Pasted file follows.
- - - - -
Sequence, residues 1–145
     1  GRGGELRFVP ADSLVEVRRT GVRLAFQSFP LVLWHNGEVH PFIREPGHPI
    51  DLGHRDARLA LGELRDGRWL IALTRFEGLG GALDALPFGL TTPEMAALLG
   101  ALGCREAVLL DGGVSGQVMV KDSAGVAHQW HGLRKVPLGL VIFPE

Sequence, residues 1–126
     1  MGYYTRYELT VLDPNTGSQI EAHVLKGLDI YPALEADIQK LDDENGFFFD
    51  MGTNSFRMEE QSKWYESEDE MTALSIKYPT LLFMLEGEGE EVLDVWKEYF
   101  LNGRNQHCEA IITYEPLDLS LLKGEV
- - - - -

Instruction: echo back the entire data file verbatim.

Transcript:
Sequence, residues 1–145
     1  GRGGELRFVP ADSLVEVRRT GVRLAFQSFP LVLWHNGEVH PFIREPGHPI
    51  DLGHRDARLA LGELRDGRWL IALTRFEGLG GALDALPFGL TTPEMAALLG
   101  ALGCREAVLL DGGVSGQVMV KDSAGVAHQW HGLRKVPLGL VIFPE

Sequence, residues 1–126
     1  MGYYTRYELT VLDPNTGSQI EAHVLKGLDI YPALEADIQK LDDENGFFFD
    51  MGTNSFRMEE QSKWYESEDE MTALSIKYPT LLFMLEGEGE EVLDVWKEYF
   101  LNGRNQHCEA IITYEPLDLS LLKGEV